South Carolina congressmen say SRS has money for fuel project
by Meg Kinnard, Associated Press
July 28, 2014 02:55 PM | 1075 views | 1 1 comments | 10 10 recommendations | email to a friend | print

SAVANNAH RIVER SITE, S.C. (AP) — Federal legislators have secured enough money to make sure a nuclear fuel project at the Savannah River Site goes forward, according to South Carolina Gov. Nikki Haley and members of the state's congressional delegation.

But the governmental leaders also told news reporters during a meeting with U.S. Energy Secretary Ernest Moniz they want to ensure that the state doesn't become a permanent home for the world's nuclear trash.

Last fall, Haley invited Moniz to visit the Savannah River Site, a sprawling complex along the South Carolina-Georgia border. The 310-square mile site once produced components for nuclear weapons, but its primary focus now is on repurposing and cleanup.

Construction began in 2007 on the mixed-oxide fuel plant, known as MOX, which is part of an agreement with Russia to turn nuclear weapons into reactor fuel. The project is currently billions of dollars over budget and experienced yearslong delays.

The Obama administration had said it wanted to put the project on hold, saying it was becoming too expensive and suggesting that another method be found to dispose of the plutonium, in order to uphold the agreement with Russia. South Carolina sued, saying money set aside to build the plant couldn't be used to shut it down, and the administration has committed to continuing construction into the fall, when the current fiscal year ends.

On Monday, U.S. Sen. Tim Scott said that congressional budgets have the money to keep the mixed oxide fuel project from being suspended, at least in the next fiscal year.

"It won't go to cold standby as far as we can tell," Scott said, saying that a House proposal already includes money to keep the project open, while a continuing resolution that will likely be hashed out in the Senate will have the funding, too.

"There's money for MOX," Graham said. "There is no cheaper alternative to MOX, and now is not the time to break an agreement with the Russians."

Moniz said Monday that construction on MOX will continue at least into fall, adding that all sides need to come up with a long-term funding plan for the site.

"We need a trajectory that gives adequate funding in a sustained way for the project," Moniz said.

The leaders were questioned about talks with countries like Germany to bring highly radioactive waste to Savannah River for reprocessing. Haley and others reiterated the desire that South Carolina not become a permanent home for the world's trash, instead of a temporary one, in the absence of a repository like the one that had been planned at Yucca Mountain in Nevada.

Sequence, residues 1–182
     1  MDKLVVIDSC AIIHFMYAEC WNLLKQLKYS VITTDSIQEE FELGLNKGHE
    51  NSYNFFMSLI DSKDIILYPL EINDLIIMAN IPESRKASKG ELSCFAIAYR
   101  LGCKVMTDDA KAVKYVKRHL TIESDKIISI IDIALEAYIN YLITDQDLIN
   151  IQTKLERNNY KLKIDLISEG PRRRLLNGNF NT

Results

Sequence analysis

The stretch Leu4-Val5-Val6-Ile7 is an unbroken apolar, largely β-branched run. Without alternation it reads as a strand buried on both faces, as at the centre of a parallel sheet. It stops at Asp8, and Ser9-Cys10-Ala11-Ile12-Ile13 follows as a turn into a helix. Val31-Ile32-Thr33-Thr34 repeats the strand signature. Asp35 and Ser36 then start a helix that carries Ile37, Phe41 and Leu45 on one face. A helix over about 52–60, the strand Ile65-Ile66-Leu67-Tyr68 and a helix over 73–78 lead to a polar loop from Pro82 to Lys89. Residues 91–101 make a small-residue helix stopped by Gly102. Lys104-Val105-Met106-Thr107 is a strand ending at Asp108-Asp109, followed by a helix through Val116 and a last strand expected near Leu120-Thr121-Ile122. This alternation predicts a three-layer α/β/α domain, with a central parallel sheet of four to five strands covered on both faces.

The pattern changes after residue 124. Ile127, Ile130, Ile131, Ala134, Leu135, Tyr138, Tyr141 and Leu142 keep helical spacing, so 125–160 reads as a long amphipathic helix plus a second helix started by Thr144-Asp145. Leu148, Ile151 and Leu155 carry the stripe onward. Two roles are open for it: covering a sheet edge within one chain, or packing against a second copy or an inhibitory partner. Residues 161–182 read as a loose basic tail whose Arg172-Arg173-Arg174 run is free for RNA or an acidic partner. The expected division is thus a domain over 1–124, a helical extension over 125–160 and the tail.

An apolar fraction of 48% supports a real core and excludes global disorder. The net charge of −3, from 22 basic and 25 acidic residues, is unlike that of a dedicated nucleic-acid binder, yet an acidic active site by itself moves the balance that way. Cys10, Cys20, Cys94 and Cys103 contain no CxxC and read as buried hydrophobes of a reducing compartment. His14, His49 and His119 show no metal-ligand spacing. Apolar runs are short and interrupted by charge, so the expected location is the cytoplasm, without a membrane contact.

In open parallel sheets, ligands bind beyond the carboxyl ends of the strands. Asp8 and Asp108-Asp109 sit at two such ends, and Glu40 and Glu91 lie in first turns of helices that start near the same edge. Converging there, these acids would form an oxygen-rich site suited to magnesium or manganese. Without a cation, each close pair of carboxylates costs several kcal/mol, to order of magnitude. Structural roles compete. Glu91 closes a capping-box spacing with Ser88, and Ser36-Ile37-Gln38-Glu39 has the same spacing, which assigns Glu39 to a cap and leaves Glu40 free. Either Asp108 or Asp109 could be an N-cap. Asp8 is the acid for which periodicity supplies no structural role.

"What we do not need is for this state to continue to be a dumping ground," Haley said. "We'll continue to fight."

If certain goals for moving the waste aren't met, the senators said, the federal government could incur fines of $1 million per day.

"The waste is going to leave South Carolina as promised, and if it doesn't, the federal government is going to pay a fine," Graham said.


Kinnard can be reached at

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Tom Clements
July 28, 2014
At the meeting on July 28, I delivered a letter to Secretary Moniz and asked that construction of the plutonium fuel (MOX) plant be put on cold standby and that the unprecedented plan to import highly radioactive spent fuel from Germany to the Savannah River Site (in South Carolina) be terminated. I asked Moniz about the cost of the MOX program and he said it was not sustainable and that it required "north of $600 million" per year to make it viable. I calculate that the MOX boondoggle could need $800 million/year and will need that amount for about 25 years, which will destroy the DOE budget and violate spending restrictions. Time to terminate MOX and move on to disposing of plutonium as waste. The 310-square mile Savannah River Site is not a high-level nuclear waste dump and we don't want German spent fuel being dumped here in South Carolina. Reflecting public opposition, many local papers have come out against the half-baked scheme. Tom Clements, Director, Savannah River Site Watch,, Columbia, SC
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